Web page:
Wilderness Safaris Rebuilds Little Makalolo Camp

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Wilderness Safaris’ Little Makalolo Camp, situated in a private concession in the heart of one of the best game-viewing areas in Zimbabwe’s Hwange National Park, has closed for an extensive rebuild, with the new camp set to reopen in early June 2018.

“Our decision to rebuild Little Makalolo showcases our continued commitment to investing in Hwange and our tremendous belief in Zimbabwe as a major player in Africa’s tourism industry”, said Dean Morton, Wilderness Safaris Zambezi Operations Manager. “We are truly proud to have remained dedicated to our Hwange operations since 1997, and are looking forward to rejuvenating Little Makalolo in such a way that still celebrates its authentic bush camp offering”.  

The camp’s rebuild will include a new main area, deck, bar and circular infinity pool overlooking a vibrant waterhole. The six traditional-style safari tents will receive an extensive upgrade with new floors, roofs and completely new interiors, which will be managed by lead interior designer, Caline Williams-Wynn from Artichoke.

Retaining its intimate bush feel, the total rebuild of the main area and new décor throughout will enhance the camp’s remarkable wildlife experience. This has always been the focus of Little Makalolo, with guests able to experience a range of incredible wildlife encounters on a variety of activities – from the log-pile hide to twice-daily game-drives, bush walks and the option to sleep out in the bush on a unique Star Bed. A highlight will be the raised pool deck and bar/breakfast area which will allow for uninterrupted views of the busy waterhole.   

“We will also ensure that the new camp remains committed to our 4Cs sustainability ethos of Commerce, Community, Culture and Conservation, operating with as light an eco-footprint as possible. Our life-changing journeys offer our guests the opportunity to travel with purpose, not only making a difference to the ongoing biodiversity of the Park but contributing to the empowerment of local people at the same time”, Dean added.

Since February 2002, Wilderness Safaris has supplied engines that pump some 15 boreholes in Hwange to ensure that the movement of wildlife in the Park is not restricted, as would be the case if their water supply dried up.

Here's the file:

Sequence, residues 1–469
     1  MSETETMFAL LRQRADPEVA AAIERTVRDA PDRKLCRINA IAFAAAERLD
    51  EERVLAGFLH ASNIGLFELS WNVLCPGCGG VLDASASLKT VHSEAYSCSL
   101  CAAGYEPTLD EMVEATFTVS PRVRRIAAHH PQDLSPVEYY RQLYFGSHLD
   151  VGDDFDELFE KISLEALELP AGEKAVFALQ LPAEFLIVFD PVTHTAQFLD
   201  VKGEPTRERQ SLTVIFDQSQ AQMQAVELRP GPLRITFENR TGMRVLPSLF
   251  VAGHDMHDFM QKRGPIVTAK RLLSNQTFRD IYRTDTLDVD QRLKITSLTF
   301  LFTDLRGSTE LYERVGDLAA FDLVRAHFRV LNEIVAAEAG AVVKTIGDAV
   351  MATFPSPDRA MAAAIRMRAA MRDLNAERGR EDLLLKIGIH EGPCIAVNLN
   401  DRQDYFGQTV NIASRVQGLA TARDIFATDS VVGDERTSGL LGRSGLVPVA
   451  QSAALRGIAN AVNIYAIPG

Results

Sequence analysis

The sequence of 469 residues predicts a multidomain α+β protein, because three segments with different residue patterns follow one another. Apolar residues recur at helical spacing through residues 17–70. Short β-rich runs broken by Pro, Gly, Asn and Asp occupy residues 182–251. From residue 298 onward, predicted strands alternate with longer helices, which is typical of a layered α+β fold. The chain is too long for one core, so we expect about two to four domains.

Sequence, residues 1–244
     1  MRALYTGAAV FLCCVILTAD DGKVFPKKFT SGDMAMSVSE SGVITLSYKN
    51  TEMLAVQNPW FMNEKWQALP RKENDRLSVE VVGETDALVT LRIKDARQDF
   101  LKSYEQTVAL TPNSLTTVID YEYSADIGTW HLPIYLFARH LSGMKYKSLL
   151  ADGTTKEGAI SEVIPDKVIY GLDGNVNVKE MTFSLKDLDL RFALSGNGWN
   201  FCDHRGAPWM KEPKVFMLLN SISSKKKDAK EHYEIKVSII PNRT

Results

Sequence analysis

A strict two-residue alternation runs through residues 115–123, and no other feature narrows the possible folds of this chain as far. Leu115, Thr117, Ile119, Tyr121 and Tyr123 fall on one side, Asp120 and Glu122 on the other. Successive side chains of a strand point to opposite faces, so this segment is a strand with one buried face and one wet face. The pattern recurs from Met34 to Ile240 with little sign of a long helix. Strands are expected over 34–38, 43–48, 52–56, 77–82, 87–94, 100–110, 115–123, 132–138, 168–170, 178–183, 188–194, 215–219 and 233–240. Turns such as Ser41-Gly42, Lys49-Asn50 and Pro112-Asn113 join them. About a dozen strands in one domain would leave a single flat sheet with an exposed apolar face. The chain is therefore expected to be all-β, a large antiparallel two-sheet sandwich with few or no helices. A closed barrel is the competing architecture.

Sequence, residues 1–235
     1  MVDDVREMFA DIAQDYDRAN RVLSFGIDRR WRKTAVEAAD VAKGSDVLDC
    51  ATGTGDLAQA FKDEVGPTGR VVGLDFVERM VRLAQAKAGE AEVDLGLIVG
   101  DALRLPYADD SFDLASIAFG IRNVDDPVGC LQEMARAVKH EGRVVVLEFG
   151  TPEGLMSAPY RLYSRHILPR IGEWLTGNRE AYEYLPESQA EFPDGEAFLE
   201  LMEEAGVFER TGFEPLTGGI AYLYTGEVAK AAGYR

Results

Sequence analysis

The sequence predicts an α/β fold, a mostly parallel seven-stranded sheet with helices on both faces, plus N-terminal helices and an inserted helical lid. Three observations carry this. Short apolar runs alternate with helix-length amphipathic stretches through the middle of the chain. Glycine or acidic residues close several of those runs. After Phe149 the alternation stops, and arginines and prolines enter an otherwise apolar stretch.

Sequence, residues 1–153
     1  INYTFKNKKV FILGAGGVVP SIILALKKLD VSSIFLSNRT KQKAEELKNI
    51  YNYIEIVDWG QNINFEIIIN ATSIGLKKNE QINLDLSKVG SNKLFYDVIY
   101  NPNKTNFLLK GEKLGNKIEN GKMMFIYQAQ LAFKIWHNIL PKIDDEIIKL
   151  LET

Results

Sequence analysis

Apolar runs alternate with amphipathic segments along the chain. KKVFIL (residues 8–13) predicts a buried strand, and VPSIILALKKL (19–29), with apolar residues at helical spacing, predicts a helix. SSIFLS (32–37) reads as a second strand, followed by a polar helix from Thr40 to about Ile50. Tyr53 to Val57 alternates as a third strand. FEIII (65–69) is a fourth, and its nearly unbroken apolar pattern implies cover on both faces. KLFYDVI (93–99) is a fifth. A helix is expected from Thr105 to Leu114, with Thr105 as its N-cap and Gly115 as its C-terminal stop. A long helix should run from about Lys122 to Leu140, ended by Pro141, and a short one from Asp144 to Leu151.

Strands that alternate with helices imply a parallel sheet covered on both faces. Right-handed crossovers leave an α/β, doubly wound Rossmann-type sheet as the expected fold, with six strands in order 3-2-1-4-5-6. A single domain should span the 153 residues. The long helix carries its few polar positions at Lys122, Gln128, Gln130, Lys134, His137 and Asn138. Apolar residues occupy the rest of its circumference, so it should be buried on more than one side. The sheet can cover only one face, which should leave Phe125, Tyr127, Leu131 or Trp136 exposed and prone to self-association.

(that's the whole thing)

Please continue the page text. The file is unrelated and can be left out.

As the concessionaire of the private Linkwasha and Makalolo areas in south-eastern Hwange, Wilderness Safaris has taken responsibility for many aspects of the conservation of this magnificent wild location, including supporting water supply (as mentioned above), the Scorpions Anti-Poaching Unit, and an elephant movement study, as well as supporting ongoing community empowerment projects at the villages on the periphery of the Park in partnership with Children in the Wilderness (CITW).

“We hope that the new camp will remain a firm favourite of our repeat guests, as well as encourage more travellers to visit Hwange. By investing in Zimbabwe and enhancing our life-changing journeys in the region, we hope to play an even bigger difference in driving conservation and community empowerment in the Park”, Dean concluded.

Click here to read more about our unwavering commitment to authentic and sustainable ecotourism in Hwange; here to watch a short video clip showcasing the inspiring partnership between CITW Zimbabwe, Wilderness Safaris and the Hwange communities; here to watch a video about our water conservation efforts and ‘The Beating Heart of Hwange’; and here to watch a video about the incredible work being done by the Scorpions Anti-Poaching Unit.  

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